|NUMBER 175||THE NEWSPAPER OF EDUCATION RIGHTS||AUGUST 2000|
NEA Takes Aim at 2nd Amendment|
NEA President Bob Chase used his annual convention address to proselytize for gun control. He used the shooting death of Lake Worth, Florida teacher Barry Grunow by a 13-year-old student at the end of the school year to place the union in the midst of the debate and presumably to stir emotions for a delegate vote on New Business Item (NBI) B authorizing the NEA to circulate petitions in favor of gun control. "In respect to Barry - and to show the resolve of both our unions (the NEA and the American Federation of Teachers have merged in Florida) to support common-sense gun laws - our resolve to make America safe for children and teachers - we will now join with our brothers and sisters in the AFT [who were meeting at the same time in Philadelphia] in a moment of silence," Chase said.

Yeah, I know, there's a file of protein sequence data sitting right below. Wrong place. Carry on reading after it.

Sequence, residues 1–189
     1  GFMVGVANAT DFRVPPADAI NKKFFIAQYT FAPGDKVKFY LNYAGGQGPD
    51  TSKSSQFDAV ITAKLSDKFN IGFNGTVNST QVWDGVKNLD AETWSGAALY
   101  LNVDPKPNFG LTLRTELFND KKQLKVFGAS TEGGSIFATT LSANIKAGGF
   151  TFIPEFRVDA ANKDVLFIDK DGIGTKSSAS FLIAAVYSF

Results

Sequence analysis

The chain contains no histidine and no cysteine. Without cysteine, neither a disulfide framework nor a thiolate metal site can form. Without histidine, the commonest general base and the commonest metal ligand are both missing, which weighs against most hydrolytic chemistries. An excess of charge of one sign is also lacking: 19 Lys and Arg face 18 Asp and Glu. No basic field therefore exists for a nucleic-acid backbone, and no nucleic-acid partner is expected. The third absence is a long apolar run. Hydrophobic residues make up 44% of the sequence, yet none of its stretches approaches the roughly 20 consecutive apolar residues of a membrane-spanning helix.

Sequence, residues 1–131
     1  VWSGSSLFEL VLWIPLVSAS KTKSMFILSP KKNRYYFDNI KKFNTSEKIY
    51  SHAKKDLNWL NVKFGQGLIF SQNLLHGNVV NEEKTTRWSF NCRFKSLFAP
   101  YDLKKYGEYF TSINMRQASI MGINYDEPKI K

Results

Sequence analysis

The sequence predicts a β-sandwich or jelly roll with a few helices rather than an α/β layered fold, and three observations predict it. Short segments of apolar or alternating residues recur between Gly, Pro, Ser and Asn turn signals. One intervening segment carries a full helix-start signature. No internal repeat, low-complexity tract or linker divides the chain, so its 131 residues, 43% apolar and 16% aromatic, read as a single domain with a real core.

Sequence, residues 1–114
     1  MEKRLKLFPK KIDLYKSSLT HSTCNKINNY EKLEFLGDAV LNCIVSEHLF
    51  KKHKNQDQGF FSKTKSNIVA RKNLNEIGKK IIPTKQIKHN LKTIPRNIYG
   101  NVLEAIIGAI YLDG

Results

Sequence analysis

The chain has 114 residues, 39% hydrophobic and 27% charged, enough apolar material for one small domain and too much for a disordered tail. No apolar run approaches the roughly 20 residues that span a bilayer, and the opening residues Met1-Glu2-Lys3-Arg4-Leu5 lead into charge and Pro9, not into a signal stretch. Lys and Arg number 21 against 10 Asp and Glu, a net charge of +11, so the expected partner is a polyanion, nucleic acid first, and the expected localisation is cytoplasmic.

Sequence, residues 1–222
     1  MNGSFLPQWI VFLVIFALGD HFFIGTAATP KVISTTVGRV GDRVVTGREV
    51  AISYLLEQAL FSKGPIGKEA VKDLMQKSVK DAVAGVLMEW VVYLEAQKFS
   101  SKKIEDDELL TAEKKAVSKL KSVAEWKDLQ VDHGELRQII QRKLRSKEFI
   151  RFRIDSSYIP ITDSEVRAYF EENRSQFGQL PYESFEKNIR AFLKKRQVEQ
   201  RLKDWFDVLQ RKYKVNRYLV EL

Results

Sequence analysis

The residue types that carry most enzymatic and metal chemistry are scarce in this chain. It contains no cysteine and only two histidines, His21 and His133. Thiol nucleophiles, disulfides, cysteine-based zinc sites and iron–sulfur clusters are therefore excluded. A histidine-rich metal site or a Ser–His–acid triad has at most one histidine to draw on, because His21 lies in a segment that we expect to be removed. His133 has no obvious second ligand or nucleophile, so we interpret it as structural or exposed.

He blamed "easy access to guns" for school shootings, and cited the oft-repeated, misleading statistic that "12 children are killed by guns every 24 hours." He failed to mention that this statistic primarily reflects the deaths of "children" up to 19 years old who are involved in drug and gang-related violence. He blasted Charlton Heston and the NRA, whom he accused of "writing a politician a check" when schoolchildren are killed by guns.
NEA delegates passed New Business Item B, requiring the NEA to "prepare and distribute to each of its affiliates a petition calling for meaningful gun control, specifically licensure, registration, bullet imprinting, child safety locks, mandatory background checks including waiting periods." The affiliates will be asked to circulate the petitions and return them to the NEA to be presented to Congress "on or before Feb. 1, 2001."
About a quarter to a third of the delegates voted against NBI B.